In early 1973 a group of young actors gathered after rehearsal at a local watering hole called the Star Bar (just south of Jose Muldoon’s on Tejon, across from Acacia Park) to lament their artistic condition. The church where they were mounting a production of Arthur Miller’s The Crucible had objected to the playwright’s language and asked that certain portions be stricken from the script. Eventually, according to founding member Stephen Pino, one of them – he, James Bohnen, Les Baird, Cynthia Hodell, Spencer Stuart or Deni Blakemore, (Mr. Pino can’t recall whom) spoke up: “What are we doing? Just sitting here complaining? If we don’t step up and form a company that gives us what we need then we’re just dipshits.”

The mandate was clear. And so the Star Bar Players were born. Bohnen and Baird, avid fans of the New Yorker, made Star Bar’s official date of establishment February 21, 1973 in commemoration of their favorite magazine’s original publication date: February 21, 1925.  The earliest productions took place in the summer of ’73, says Bohnen, who went on to found and, until 2011, serve as artistic director of Chicago’s acclaimed Remy Bumppo theatre, “…in Acacia Park, Soda Springs Park, and other places. We did three different ‘evenings’ (although all performances were in the afternoon [Pino: “…until someone left a box full of fresnels on the edge of the stage one day, and we actually had lights!”]): one was two Shakespeare cuttings, Twelfth Night and A Midsummer Night’s Dream; another was two Moliere farces, The Miser and The Doctor in Spite of Himself; the third (which was memorably horrid, and infrequently performed) was a group of short plays and pantomimes. It was all done with no money and a bit of exciting ambition.”

Star Bar became an integral part of the Springs’ cultural landscape and has come to hold the distinction of being the oldest theatre company in the area. We’ve gone through countless incarnations in the last four decades, always with excellence in mind. Now we’ve come full circle, returned to our roots, rebooting in 2009 after a season in mothballs with little more than that same exciting ambition. After more than twenty years of comfortable ensconcement at our beloved Lon Chaney theatre we became a gypsy company again, working first in a garage-turned-workshop and later a dance studio before spending three seasons at 128 N. Nevada, around the corner from Acacia Park, a stone’s throw from where it all began. In March 2014 we found ourselves homeless once again and went dark for just under a year. From October 2014 to July 2017, we occupied the upstairs space at Cottonwood Center for the Arts, and at the moment we’re undergoing a big secret project to find a home once and for all. We’re proud of our past and excited about the future; we hope you’ll be a part of it.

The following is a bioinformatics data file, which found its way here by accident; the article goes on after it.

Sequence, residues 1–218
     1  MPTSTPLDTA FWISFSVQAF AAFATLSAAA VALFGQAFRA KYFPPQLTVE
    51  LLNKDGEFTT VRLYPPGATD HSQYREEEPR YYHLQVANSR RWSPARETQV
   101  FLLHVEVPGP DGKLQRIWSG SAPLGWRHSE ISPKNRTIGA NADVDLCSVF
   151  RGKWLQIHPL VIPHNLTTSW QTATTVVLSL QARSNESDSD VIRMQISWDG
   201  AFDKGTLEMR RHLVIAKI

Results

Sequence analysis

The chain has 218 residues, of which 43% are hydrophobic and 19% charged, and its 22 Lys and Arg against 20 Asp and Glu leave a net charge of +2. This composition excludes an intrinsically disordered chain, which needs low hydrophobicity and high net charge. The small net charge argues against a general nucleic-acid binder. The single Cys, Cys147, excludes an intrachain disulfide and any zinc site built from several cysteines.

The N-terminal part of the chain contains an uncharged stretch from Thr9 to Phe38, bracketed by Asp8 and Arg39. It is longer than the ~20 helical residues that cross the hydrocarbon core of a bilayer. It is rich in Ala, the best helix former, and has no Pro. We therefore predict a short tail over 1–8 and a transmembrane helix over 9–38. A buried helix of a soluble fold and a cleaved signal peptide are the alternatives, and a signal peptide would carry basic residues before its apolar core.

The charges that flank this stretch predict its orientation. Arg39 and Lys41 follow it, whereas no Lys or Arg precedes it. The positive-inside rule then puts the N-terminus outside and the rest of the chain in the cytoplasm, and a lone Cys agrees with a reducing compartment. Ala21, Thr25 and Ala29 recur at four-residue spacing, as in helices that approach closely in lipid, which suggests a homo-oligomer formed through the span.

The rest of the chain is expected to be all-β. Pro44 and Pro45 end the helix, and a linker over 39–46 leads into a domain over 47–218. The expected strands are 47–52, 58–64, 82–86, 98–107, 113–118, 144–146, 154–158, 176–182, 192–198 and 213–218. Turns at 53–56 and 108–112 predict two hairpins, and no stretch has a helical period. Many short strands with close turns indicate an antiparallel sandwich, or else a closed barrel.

1999: God Help Us, Everyone: Star Bar Players send up Scrooge
2000: Still Alive and Wilde: Lady Windermere’s Fan
2000: Star Bar Players raise the bar with a kingly Lear
2000: Star Bar’s ‘Crimes’ is community theatre at its best
2001: Arsenic Good Recipe for Comedy
2001: Stark, Raving Witticisms: Rosencrantz and Guildenstern are Dead
2001: Star Bar Players show they’re up to ‘Night Must Fall’
Darkness on the Edge of Essex: Night Must Fall
2001: Snappy screwball comedy Lend Me a Tenor uplifts, prevails
2001: Two by Two: Star Bar Players focus on the family
2002: Strong chemistry, telling psychology in Lost in Yonkers
2002: The Holdup
2003: Bus Stop
2003: ‘Proof’ Star Bar does good work
2003: Gazette review: Epic Proportions
Star Bar Players are up for a job of ‘Epic Proportions’
2004:  Star Bar Players stage classic British mystery
Star Bar Players make a killing with Christie’s ‘Ten Little Indians’
2004: The Family at Twilight: Painting Churches
2004: Dinner gives audiences food for thought, reflection: Dinner with Friends
2005: Star Bar production of ‘Rappaport’ stresses play’s humanity
2005: The Merry Wives of Windsor
2005: Star Bar Players reign supreme with ‘Rainmaker’
2005: Beyond ‘Bewitched’
‘Bell, Book’ casts spell on audience
2006: Rush to Star Bar’s ‘Later Life’ – you may not get a second chance
2006: Acting, set, dancing all shine during ‘Lughnasa’
2006: Night and her Stars: Quiz show drama big win for Star Bar
2007: Five Women Wearing the Same Dress: Star Bar dresses ‘Women’ for success
2007: ‘Hay Fever’ a funny clash of theatre and regular folk
‘Fever’ cast’s energy spills into audience
2007: Star Bar’s Jon Smith: man remembered as a gentle giant
2007: ‘Heidi Chronicles’ remains relevant after 19 years
Review: Expect emotional insight, not happily ever after, from ‘Heidi’
Colorado Culture Cast profiles The Heidi Chronicles
2008: Star Bar Players ‘Scapin’ won’t be the same twice
Overflowing energy, silliness makes ‘Scapin’ a lengthy treat
2008: Star Bar’s ‘Murder’ borrows from Hitchcock
‘Green Meadows’ lays bare intense emotions
2008: Rabbit Hole: Cast deals deftly with heart-wrenching play
September, 2008: Show is over for Star Bar Players